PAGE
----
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SCOTUS



  • Amy Coney Barrett’s Judicial Philosophy Doesn’t Hold Up to Scrutiny

    by Angus King and Heather Cox Richardson

    "To put it bluntly, the whole premise of originalism is nonsense in that it pretends to make the work of the Supreme Court look straightforward and mechanical, like 'calling balls and strikes,' in Justice John Roberts’s famous phase."



  • Amy Coney Barrett’s Philosophy Has Far Worse Roots Than Most Americans Know

    by Simon Gilhooley

    At the core of originalism is a fundamentally conservative effort to limit the possibilities of our constitutional order to the imagination of historical figures from the 18th century, which included racial hierarchy and support for chattel slavery.


  • FDR Was Right to Propose Enlarging the Court

    by James D. Robenalt

    Franklin Roosevelt's error in 1937 was not to propose expanding the court, it was to fail to explain and defend his popular political reasons for doing so.



  • Religious Identity And Supreme Court Justices – A Brief History

    by Nomi Stolzenberg

    In recent decades, religious influence on the Court has been shaped by conservatives of different faiths, construed as part of a mythical Judeo-Christian tradition, coalescing around a common agenda defined less by affiliation with a religious denomination than with opposition to liberalism and secularism.



  • Which Constitution is Amy Coney Barrett Talking About?

    by Jamelle Bouie

    The Times columnist argues that the original meaning of the Reconstruction Amendments establishes a constitutional vision of equality and civil rights that conservative originalists ignore.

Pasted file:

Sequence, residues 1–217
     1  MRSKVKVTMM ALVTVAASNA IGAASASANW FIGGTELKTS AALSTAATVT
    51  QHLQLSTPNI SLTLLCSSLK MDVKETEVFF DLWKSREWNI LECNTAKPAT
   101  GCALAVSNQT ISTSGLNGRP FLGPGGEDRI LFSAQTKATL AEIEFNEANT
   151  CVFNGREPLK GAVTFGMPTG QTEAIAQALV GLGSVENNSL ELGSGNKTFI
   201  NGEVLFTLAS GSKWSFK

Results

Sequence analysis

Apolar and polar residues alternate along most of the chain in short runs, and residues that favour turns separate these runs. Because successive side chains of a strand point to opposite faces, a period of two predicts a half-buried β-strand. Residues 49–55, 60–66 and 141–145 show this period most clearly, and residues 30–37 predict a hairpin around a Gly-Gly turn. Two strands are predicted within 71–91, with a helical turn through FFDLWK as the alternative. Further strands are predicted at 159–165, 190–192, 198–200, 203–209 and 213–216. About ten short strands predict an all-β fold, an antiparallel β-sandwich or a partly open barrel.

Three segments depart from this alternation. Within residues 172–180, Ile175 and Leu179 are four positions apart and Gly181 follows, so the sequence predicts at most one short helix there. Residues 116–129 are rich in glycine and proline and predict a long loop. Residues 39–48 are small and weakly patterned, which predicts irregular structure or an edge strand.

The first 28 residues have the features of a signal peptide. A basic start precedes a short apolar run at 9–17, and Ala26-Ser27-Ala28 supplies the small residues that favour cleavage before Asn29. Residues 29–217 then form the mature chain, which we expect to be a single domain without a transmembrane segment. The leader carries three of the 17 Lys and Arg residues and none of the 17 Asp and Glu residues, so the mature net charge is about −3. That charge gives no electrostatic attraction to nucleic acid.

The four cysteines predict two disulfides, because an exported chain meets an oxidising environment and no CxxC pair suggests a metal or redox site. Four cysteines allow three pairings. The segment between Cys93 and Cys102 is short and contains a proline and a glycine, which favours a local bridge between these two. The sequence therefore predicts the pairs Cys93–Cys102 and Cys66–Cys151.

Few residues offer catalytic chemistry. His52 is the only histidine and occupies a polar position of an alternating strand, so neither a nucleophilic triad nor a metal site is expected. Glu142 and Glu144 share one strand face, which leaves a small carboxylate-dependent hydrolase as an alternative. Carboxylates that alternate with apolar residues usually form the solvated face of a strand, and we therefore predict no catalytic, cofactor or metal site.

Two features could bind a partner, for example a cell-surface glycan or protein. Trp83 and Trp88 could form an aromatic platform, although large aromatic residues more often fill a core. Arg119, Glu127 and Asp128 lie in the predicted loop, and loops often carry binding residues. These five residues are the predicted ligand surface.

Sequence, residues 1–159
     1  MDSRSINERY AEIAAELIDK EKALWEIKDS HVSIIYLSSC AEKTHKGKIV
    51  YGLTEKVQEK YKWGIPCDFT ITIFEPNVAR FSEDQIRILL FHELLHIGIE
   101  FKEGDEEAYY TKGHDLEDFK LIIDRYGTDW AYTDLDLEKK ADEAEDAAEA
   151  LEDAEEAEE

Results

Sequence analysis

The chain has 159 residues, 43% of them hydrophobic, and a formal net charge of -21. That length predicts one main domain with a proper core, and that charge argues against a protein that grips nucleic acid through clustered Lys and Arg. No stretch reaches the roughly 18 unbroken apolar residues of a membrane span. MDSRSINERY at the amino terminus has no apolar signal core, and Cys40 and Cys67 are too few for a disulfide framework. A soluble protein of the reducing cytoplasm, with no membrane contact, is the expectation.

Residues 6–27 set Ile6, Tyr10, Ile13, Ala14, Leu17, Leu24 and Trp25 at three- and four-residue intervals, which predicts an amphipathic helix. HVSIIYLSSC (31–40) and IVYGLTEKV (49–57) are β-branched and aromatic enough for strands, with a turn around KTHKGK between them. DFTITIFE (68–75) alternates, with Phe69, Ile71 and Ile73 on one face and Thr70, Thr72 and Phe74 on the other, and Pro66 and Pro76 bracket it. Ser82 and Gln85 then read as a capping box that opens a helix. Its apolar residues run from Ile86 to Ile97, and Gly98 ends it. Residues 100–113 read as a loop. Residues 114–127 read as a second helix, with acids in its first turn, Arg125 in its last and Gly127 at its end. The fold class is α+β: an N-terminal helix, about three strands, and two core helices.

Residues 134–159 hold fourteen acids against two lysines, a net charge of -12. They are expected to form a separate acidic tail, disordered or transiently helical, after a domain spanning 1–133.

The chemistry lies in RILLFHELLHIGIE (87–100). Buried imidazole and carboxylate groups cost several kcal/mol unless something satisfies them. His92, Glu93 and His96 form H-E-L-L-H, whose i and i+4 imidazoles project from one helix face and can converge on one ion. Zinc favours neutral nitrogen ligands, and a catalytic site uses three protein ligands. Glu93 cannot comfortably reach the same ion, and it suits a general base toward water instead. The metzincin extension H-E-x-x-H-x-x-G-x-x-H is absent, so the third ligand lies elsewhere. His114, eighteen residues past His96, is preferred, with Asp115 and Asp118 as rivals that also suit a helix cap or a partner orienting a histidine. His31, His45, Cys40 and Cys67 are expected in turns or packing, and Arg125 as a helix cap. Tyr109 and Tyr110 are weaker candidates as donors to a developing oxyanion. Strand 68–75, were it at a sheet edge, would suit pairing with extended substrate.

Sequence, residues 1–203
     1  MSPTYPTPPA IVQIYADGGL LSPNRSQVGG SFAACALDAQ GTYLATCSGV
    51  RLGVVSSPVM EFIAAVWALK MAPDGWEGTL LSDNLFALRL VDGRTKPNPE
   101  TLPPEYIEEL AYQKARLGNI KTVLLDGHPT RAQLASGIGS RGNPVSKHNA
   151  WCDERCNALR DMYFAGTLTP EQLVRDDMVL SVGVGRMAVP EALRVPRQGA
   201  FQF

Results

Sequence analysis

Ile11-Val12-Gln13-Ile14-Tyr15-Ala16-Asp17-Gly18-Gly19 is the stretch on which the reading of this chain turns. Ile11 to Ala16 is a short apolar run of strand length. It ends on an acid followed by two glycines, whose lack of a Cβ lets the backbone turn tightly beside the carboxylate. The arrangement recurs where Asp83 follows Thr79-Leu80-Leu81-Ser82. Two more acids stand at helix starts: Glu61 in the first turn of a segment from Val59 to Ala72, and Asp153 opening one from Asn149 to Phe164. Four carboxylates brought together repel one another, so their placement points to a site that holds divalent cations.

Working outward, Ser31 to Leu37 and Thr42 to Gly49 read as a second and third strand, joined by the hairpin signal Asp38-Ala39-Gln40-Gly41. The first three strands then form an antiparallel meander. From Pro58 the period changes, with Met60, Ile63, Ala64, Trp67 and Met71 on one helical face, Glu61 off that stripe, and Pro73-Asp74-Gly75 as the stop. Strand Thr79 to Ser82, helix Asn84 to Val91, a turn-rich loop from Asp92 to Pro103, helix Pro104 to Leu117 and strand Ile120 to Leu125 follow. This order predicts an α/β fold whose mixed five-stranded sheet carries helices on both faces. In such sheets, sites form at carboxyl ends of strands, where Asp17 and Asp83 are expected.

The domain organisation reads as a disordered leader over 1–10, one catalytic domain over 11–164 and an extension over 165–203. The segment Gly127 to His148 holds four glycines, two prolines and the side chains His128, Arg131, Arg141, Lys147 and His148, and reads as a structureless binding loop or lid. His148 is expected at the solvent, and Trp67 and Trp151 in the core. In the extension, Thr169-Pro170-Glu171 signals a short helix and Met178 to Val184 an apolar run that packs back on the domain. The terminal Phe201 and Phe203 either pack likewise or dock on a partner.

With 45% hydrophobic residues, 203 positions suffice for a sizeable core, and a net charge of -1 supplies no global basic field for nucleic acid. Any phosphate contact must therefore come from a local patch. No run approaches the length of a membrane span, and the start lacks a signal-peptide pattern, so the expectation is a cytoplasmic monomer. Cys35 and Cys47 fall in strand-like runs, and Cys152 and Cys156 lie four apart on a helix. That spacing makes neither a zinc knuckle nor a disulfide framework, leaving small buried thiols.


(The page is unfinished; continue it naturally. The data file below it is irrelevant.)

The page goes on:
• Coney Barrett’s Moment of Truth

    by Garrett Epps

    "At the center of this moral swamp is St. Amy, a person whose life gives many real evidences of high morals and deep faith and good works. Why would such a person lend herself to such a tawdry charade?"  



  • How SCOTUS Nominations Became All-Out War

    by Robert L. Tsai

    The rise of national parties, the use of the judiciary to advance policy goals, and the decision of Republican leadership to consolidate a narrow electoral base have made judicial nominations a partisan battle the Founders did not adequately anticipate, according to American U. Law professor Robert Tsai.



  • President Washington and the Character of the First Supreme Court

    by Lindsay M. Chervinsky

    The first Supreme Court was not the magisterial institution we know today. Both Congress and the executive branch saw its role in political terms, and its composition as subject to change to reflect the shifting needs of the nation. 



  • The Supreme Court Used to be Openly Political. It Traded Partisanship for Power

    by Rachel Shelden

    Americans once assumed that the constitutionality of a given law was a matter to be settled through legislative politics and elections, and selected judges on a partisan basis. Today's court is no less political or ideological, but can exert more power because of its nominal freedom from partisan politics. 



  • Sotomayor: Judges should pull together

    “If we, as an institution, don’t find the way to find that middle, we stand a chance of going the way that our other branches of government have gone, and losing the respect that is at the core of our institution.”